Some boat owners holding tight to their moorings

Revisionist history in the making.  Rush Hill chaired the citizens committee that determined the scope and size of the city hall project.  He bragged about it in his 2010 campaign video and assured voters that he was in charge.  You can see it here.  Now Hill says that “he expressed a goal to bring it in under $90 million during a campaign speech in 2010. When he arrived in office, he argues, it was too late to bring down the costs because the project’s scope had changed.”

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Some boat owners holding tight to their moorings

Group of ‘salty dogs’ tell City Council that they don’t like the idea of switching to docks.

By Emily Foxhall

7:23 PM PDT, June 13, 2014

Newport Beach Mayor Rush Hill has pushed to replace some of these moorings, as they are called, with floating docks. Rather than scatter boats throughout the harbor’s center, two boats could be parked on either side of a dock, significantly consolidating the harbor space taken up by idled boats.

It would be easier to tie up vessels, and one day water and power could be provided to them, Hill says. Plus, most important from his perspective, it would create more open space for the public.

But the can-and-line mooring method is tried and true, not to mention low-cost, and a group of “salty dogs,” as one referred to them, doesn’t see any reason to change it.

They are the “average joes” — another member-given nickname — of the harbor, the ones who can’t necessarily afford a harbor-front home with a dock but who can pay the annual fee for a mooring. They love to sail and they love to be on the water — some to the point of choosing to live on their boats year-round.

Not all mooring holders feel so attached to this particular way of parking their boats. In fact some have already volunteered to make the switch to docks when possible. But some who do feeling strongly about their moorings, as members of the Newport Mooring Assn., showed up at the City Council study session Tuesday to offer comments about the floating dock idea. The group had taken an informal survey, and the results were presented at the meeting: of 61 respondents, 85% said they didn’t like the idea of floating docks.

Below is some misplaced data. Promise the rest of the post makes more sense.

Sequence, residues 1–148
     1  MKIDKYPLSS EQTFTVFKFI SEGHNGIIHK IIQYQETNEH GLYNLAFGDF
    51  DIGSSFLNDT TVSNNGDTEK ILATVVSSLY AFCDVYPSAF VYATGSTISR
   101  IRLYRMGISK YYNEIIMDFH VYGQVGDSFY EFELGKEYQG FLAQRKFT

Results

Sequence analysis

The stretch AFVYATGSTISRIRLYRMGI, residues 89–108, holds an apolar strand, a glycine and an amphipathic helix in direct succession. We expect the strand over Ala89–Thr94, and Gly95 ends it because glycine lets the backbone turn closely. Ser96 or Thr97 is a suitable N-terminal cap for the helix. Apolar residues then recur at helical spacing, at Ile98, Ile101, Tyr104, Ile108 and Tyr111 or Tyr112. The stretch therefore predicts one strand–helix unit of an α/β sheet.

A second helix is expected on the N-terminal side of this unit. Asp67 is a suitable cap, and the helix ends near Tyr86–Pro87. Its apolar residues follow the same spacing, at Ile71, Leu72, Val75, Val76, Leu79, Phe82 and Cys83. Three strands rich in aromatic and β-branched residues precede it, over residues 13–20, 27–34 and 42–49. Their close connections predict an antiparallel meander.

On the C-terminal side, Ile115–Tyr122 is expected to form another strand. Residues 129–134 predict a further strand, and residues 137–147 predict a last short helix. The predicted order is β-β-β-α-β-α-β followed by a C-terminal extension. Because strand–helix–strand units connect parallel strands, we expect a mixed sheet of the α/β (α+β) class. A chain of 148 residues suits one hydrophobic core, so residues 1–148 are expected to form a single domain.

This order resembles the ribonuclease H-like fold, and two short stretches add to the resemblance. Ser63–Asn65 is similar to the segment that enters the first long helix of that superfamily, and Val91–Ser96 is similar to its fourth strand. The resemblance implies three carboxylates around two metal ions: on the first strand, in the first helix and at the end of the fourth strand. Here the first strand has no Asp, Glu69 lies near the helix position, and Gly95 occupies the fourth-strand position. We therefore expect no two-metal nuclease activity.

“It kind of seems to me to be a government solution to a problem that really doesn’t exist,” said association board member Bill Moses.

The Harbor Commission committee that reviewed the idea was looking for a way to bring more value to permit holders, but to this nautical bunch, the open space around the boats that moorings allow for is critical. It creates the feeling of privacy, as if the ocean water were a moat around a floating castle, they said.

“Moorings are the last frontier for boating,” Councilwoman Leslie Daigle noted Tuesday, concerned about the “independent spirit” that might be lost if they disappeared.

“I used to have a mooring and I enjoyed that, what you’re talking about, just having space around you, which in this town is hard to find,” agreed Harbor Commissioner Brad Avery, who presented a subcommittee’s recommendations for a floating dock pilot project. “But the mooring permit doesn’t give them the right to have that. It’s just the mooring. The water belongs to everybody.”

Hill has promised that not every mooring holder would have to switch to a dock, but to them the mayor is not one to be trusted. They don’t care that he says the mooring holders would have a choice of whether or not to switch. They think they would have to help pay for the project regardless, and if it goes forward they think they might be forced dockside one day too.

After all, they say, when Hill was a councilman several years ago, he promised that the cost of building the Newport Beach Civic Center wouldn’t exceed $90 million. The facility came in at $144 million. (Hill says that he expressed a goal to bring it in under $90 million during a campaign speech in 2010. When he arrived in office, he argues, it was too late to bring down the costs because the project’s scope had changed.)

On Tuesday, the Harbor Commission suggested that the council put in some docks, perhaps six, as a pilot project to let a few boat owners try them out and others in the harbor to see them. The floats would measure 40 to 50 feet long and 6 feet wide.

The total cost for the pilot program would be about $248,000, according to the commission, based on an estimate of $35,000 per float, $20,000 for engineering and $3,000 for installation of sea lion deterrents. The commission suggested that electricity and water not be hooked up yet since that would be too complex for a trial run.

Hill was adamant that the cost to mooring permit holders should not rise, but noted in an interview later that the fees they already pay could cover the docks over a certain period of time.

But rather than move forward on the pilot program just yet, council members asked that city staff first survey all mooring holders and harbor-front homeowners, plus take input from anyone else who might want to chime in.

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